Groves' Memo to the
Chief of Staff (George C. Marshall)
30 July 1945
MEMORANDUM TO THE CHIEF OF
1. The following additional
conclusions have been drawn from the test in New Mexico with respect to the
probable effects of the combat bomb which will be exploded about 1800 feet
in the air:
a. Measured from the point on the ground directly below the explo-sion the
blast should be lethal to at least 1000 feet. Between 2500 and 3500 feet,
blast effects should be extremely serious to personnel. Heat and flame
should be fatal to about 1500 to 2000 feet.
b. At 10 miles for a few thousandths of a second the light will be as bright
as a thousand suns; at the end of a second, as bright as one or possibly two
suns. The effect on anyone about a half mile away who looks directly at the
explosion would probably be permanent sight impairment; at one mile, tem-porary
blindness; and up to and even beyond ten miles, temporary sight impairment.
To persons who are completly unshielded, gamma rays may be lethal to 3500
feet and neutrons to about 2000 feet.
c. No damaging effects are anticipated on the ground from radioactive
materials. These effects at New Mexico resulted from the low altitude from
which the bomb was set off.
d. Practically all structures in an area of one or two square miles should
be completely demolished and a total area of six to seven square miles
should be so devastated that the bulk of the buildings would have to have
major repairs to make them habitable.
e. At New Mexico tanks could have gone through the immediate explo-sion area
at normal speeds within thirty minutes after the blast. With the explosion
at the expected 1800 feet, we think we could move troops through the area
immediately preferably by motor but on foot if desired. The units should be
preceded by scouts with simple instruments. The nearest exposed personnel
should not be nearer to the blast than six miles plus the necessary
allowance for bombing inaccuracy and they would require a high order of
discipline and special but simple instructions. As an extra precaution,
extra special dark glasses might be issued to all commanders of units as
large as a platoon. If dropped on the enemy lines, the expected effect on
the enemy would be to wipe out his resistance over an area 2000 feet in
diameter; to paralyze it over an area a mile in diameter; and to impede it
seriously over an area five miles in diameter. Troops which were in deep
cave shelters at distances of over a mile should not be seriously affected.
Men in slit trenches within 800 feet should be killed by the blast.
2. The energy of the test
explosion has been broken down as follows:
Total theoretical energy contained in the bomb at 100% efficiency was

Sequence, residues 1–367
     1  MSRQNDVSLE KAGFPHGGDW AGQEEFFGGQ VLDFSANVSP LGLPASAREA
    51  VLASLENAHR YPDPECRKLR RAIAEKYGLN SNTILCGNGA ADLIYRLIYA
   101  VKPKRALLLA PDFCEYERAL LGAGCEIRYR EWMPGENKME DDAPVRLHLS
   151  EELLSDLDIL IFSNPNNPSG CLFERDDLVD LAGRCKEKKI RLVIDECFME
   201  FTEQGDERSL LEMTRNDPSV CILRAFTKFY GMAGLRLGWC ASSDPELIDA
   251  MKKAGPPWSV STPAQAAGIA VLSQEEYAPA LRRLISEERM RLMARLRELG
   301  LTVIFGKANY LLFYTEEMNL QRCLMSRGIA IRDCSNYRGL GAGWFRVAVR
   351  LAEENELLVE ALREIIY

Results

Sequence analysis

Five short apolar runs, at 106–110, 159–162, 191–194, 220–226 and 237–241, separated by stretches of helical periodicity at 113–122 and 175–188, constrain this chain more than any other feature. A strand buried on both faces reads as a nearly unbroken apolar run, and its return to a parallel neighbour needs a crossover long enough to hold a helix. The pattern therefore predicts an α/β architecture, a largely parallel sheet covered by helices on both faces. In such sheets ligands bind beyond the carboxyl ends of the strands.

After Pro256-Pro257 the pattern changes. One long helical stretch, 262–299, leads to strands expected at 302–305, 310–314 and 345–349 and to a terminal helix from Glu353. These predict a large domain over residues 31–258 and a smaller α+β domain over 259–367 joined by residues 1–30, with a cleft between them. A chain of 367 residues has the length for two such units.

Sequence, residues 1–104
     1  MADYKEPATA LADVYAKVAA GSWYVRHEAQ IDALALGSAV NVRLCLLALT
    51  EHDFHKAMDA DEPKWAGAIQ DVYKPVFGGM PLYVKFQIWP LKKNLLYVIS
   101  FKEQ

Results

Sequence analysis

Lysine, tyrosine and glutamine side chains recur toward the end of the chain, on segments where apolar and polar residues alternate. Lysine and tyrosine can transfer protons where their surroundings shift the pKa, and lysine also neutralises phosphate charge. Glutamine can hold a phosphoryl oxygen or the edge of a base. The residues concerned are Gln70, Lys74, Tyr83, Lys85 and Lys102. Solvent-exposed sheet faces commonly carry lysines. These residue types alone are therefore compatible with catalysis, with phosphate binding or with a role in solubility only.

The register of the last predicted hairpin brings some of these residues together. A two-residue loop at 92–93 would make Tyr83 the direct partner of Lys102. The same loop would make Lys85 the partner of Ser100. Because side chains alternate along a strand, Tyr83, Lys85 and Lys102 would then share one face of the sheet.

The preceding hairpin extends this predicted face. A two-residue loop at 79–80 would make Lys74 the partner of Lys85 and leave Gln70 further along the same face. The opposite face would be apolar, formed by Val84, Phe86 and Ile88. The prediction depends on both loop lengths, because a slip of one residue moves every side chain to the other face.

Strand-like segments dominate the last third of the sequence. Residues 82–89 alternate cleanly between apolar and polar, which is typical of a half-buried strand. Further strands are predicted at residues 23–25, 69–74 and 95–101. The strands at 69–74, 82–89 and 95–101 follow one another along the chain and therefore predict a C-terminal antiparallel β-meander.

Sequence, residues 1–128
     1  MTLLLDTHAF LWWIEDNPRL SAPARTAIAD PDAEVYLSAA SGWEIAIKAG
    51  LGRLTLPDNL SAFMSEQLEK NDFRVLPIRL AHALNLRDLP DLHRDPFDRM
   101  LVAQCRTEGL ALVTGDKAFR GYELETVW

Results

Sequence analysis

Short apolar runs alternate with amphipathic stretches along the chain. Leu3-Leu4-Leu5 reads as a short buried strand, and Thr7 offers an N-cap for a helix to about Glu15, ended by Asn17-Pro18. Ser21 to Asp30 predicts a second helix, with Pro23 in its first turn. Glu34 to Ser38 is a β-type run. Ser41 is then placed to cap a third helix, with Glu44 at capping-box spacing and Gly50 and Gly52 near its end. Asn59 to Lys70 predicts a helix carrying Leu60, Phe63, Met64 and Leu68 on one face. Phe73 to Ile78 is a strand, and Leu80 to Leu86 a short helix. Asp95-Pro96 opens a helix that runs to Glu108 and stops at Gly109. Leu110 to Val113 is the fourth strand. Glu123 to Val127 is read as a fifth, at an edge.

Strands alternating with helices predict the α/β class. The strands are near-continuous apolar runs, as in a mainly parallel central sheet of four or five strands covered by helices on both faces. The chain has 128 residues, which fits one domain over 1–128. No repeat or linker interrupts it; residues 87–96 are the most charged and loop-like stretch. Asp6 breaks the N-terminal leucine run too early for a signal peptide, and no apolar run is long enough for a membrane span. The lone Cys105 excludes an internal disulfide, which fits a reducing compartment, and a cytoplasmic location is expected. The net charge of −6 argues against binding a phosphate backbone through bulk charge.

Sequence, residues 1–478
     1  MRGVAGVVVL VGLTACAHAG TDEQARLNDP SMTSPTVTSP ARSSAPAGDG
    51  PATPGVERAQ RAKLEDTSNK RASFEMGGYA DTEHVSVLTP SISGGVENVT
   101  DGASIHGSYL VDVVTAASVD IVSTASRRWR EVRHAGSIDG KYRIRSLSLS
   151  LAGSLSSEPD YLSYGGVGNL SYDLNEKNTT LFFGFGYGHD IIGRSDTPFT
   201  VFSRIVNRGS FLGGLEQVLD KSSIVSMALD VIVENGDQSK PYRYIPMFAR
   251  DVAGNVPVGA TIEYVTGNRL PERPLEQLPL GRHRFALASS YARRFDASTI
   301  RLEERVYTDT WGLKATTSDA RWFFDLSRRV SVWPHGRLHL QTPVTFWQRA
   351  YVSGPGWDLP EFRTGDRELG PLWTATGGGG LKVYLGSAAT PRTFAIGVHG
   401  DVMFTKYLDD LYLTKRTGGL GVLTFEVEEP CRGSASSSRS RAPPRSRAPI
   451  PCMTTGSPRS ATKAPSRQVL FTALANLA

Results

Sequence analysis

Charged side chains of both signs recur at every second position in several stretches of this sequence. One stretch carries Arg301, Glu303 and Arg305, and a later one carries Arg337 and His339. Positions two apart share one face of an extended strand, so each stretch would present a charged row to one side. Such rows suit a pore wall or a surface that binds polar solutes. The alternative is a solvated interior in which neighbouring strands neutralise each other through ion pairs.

[sensitive information deleted]. Of this amount, 21,000 to 24,000 tons were
converted into actual energy made up of.
Blast - 10,500 tons minimum, 13,500 maximum
Light - 2500 tons
Waste Heat - 8000 tons, about 4000 of which went into the air and 4000 into
the ground. If the explosion had been at the combat al-titude of 1800 feet,
most of the 4000 that went into the ground would have been converted into
blast, making the total blast from 14,000 to 17,000 tons.
3. There is a definite possibility, [sensitive information deleted] as we
increase our rate of production at the Hanford Engineer Works, with the type
of weapon tested that the blast will be smaller due to detonation in
19advance of the optimum time. But in any event, the explosion should be on
the order of thousands of tons. The difficulty arises from an undesirable
isotope which is created in greater quantity as the production rate
4. The final components of the
first gun type bomb have arrived at Tinian, those of the first implosion
type should leave San Francisco by air-plane early on 30 July. I see no
reason to change our previous readiness predictions on the first three
bombs. In September, we should have three or four bombs. One of these will
be made from 235 material and will have a smaller effectiveness, about
two-thirds that of the test type, but by November, we should be able to
bring this up to full power. There should be either four or three bombs in
October, one of the lesser size. In November there should be at least five
bombs and the rate will rise to seven in December and increase decidedly in
early 1946. By some time in November, we should have the effectiveness of
the 235 implosion type bomb equal to that of the tested plutonium implosion
5. By mid-October we could
increase the number of bombs slightly by changing our design now to one
using both materials in the same bomb. I have not made this change because
of the ever present possibilities of difficulties in new designs. We could,
if it were wise, change our plans and develop the combination bomb. But if
this is to be done, it would entail an initial ten-day production setback
which would be caught up in about a month's time; unless the decision to
change were made before I August, in which case it would probably not entail
any delay. From what I know of the world situation, it would seem wiser not
to make this change until the effects of the present bomb are determined.
L. R. GROVES
Major General, U.S.A.
Source: Manhattan Engineer
District -- Top Secret, Manhattan Project File, Folder 4, Trinity Test,
National Archives, Washington, D.C.